When one thinks of the adverse effects of air pollution on health, the most common effect
that comes to mind involves physical symptoms and illnesses, like damage to the lungs and
airway systems, and aggravation of breathing problems like asthma. However, exposure to
excessive levels of air pollutants result in a broad range of consequences on the functioning
of our body, including our mental health.
There is a need for further studies and meta-analysis investigating the direct association
between air pollution and mental health. However, there is growing evidence across several
studies that strongly suggests a positive correlation between rising frequency and severity
of various mental health disorders and increasing air pollution. A study conducted by Vert et
al (2017) found that the rate of depression almost doubled in areas where the level of
pollutant nitric oxide was higher in the air. In addition, a meta-analysis of studies conducted
by Braithwaite et al (2019) found that exposure to particulate matter (PM) in the air
increases the risk of psychiatric disorders like depression and anxiety.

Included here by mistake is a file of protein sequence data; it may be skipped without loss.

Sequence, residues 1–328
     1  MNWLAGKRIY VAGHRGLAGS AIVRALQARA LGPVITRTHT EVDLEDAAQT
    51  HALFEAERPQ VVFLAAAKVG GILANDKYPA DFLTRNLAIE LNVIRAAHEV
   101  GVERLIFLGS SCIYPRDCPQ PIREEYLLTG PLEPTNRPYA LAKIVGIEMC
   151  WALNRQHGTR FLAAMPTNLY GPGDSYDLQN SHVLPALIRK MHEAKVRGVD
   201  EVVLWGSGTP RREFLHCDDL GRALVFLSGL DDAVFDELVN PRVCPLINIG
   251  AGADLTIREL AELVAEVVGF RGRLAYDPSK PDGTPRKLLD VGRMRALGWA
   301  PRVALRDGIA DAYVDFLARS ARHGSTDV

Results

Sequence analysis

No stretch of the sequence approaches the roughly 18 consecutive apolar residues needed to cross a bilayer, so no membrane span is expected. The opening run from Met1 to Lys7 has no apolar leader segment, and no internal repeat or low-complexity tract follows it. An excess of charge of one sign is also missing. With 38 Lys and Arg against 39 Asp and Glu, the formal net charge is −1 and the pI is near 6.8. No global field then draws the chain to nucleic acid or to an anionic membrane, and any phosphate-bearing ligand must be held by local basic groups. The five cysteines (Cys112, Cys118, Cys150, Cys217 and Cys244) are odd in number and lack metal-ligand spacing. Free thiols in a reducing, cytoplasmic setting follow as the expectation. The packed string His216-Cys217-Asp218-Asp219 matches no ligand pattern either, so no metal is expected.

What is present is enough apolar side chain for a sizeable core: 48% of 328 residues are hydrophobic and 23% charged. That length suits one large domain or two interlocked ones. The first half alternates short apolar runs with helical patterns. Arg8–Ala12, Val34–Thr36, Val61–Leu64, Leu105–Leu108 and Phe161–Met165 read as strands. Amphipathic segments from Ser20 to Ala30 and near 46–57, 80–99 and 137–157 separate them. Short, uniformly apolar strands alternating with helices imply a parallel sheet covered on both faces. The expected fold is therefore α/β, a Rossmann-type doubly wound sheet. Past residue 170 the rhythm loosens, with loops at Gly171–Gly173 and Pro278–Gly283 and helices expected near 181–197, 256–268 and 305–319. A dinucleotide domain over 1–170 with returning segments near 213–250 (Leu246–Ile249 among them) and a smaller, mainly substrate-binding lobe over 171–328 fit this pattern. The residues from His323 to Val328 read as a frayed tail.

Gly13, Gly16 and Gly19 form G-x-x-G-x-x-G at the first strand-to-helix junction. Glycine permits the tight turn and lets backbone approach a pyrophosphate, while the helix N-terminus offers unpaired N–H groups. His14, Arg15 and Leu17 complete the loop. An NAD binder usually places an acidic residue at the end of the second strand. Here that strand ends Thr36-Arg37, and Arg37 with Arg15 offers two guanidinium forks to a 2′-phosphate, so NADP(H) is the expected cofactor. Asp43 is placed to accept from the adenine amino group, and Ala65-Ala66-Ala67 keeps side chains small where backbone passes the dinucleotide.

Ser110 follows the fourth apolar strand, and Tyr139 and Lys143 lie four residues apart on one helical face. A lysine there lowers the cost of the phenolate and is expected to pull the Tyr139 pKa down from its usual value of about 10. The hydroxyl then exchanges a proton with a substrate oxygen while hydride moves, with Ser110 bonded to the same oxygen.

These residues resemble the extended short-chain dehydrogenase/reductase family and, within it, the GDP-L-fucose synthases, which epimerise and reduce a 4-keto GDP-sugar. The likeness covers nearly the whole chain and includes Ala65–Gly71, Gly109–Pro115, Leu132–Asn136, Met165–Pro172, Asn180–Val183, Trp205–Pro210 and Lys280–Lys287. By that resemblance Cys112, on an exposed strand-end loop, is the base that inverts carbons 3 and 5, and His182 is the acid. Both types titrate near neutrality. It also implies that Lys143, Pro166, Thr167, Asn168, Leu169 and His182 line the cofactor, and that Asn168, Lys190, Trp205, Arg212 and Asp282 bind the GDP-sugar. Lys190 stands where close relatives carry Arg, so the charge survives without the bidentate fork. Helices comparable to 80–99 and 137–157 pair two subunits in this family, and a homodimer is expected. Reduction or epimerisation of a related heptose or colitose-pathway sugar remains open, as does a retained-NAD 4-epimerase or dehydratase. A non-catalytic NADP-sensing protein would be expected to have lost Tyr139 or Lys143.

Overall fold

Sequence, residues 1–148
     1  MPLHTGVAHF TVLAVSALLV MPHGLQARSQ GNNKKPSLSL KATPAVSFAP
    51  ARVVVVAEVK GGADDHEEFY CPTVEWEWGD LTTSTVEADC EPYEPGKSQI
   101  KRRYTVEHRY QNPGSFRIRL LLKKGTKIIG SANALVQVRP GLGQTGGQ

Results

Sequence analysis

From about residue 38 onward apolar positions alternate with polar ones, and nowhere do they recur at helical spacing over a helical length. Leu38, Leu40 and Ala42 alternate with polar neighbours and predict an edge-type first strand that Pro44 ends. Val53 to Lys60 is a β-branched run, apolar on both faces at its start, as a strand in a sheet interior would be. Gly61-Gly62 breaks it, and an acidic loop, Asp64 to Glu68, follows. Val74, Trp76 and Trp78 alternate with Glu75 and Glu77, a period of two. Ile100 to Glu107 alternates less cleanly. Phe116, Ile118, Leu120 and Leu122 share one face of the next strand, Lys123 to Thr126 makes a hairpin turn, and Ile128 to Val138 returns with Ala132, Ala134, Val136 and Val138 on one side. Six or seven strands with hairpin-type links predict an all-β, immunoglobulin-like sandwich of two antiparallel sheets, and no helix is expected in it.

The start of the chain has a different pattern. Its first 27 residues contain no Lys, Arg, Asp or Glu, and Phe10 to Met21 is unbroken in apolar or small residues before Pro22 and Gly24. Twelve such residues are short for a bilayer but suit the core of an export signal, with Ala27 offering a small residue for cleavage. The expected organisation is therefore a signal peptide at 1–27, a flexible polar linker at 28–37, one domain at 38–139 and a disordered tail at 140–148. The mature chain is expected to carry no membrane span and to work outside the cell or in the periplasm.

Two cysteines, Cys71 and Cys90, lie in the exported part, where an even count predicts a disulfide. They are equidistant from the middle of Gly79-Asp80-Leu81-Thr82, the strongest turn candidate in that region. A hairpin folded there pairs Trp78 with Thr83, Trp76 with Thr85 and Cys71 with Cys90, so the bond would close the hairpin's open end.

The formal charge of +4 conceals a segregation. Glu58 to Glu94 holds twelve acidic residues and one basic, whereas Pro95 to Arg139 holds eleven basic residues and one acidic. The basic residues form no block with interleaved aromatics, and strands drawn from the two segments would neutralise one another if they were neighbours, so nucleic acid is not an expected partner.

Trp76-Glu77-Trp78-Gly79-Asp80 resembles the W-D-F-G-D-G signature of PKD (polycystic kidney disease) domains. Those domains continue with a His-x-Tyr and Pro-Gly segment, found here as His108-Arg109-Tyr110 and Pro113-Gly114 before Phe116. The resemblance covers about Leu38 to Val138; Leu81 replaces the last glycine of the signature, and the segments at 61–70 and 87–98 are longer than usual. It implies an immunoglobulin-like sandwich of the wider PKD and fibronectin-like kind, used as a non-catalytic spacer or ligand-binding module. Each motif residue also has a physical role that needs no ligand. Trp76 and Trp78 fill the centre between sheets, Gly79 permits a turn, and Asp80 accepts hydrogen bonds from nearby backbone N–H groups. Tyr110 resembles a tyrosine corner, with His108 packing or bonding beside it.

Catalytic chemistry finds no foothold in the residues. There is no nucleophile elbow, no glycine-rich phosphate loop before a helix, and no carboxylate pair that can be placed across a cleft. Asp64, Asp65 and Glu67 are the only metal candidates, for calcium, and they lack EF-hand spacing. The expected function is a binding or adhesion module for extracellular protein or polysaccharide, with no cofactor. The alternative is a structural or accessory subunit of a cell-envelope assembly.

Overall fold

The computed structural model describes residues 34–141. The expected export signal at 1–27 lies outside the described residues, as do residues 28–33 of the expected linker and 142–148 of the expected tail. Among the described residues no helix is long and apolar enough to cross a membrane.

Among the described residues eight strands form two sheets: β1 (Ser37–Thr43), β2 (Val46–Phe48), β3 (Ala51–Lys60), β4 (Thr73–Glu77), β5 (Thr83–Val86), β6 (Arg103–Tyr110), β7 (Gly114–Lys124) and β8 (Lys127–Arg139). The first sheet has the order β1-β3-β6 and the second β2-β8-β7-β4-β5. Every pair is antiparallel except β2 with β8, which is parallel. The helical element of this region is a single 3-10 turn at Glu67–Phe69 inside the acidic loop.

There are a few possible explanations for the association between air pollution and mental
health. When air pollutants and particulate matter are inhaled by us, it causes inflammation
and oxidative stress in the brain, which disrupts the functioning of the central nervous
system and increases the risk of depression and other disorders like bipolar disorder. In
addition to the effect of air pollutants on these bodily functions, a number of external
factors like frequency of exposure to air pollutants and the individual’s psychiatric history
can play a role in the increased risk of developing psychiatric disorders.
Hence, while there is a clear correlation between air pollution and mental health, further
research is required into the direct causal relationship between the two. More extensive
epidemiological human studies need to be conducted to isolate and identify the causes and
treatments for the effect of air pollution on mental health. This is especially vital in our
current times, when air pollution is on the rise due to factors like global warming.
Ali, N. A., & Khoja, A. (2019). Growing Evidence for the Impact of Air Pollution on
Depression. The Ochsner journal, 19(1), 4. https://doi.org/10.31486/toj.19.0011
Vert, C. et al (2017) Effect of long-term exposure to air pollution on anxiety and depression
in adults: a cross-sectional study. Int J Hygiene Environment Health
Braithwaite, I. et al (2019) Air Pollution (Particulate Matter) Exposure and Associations with
Depression, Anxiety, Bipolar, Psychosis and Suicide Risk: A Systematic Review and Meta-
Analysis. Environmental Health Perspectives, vol 127, No. 12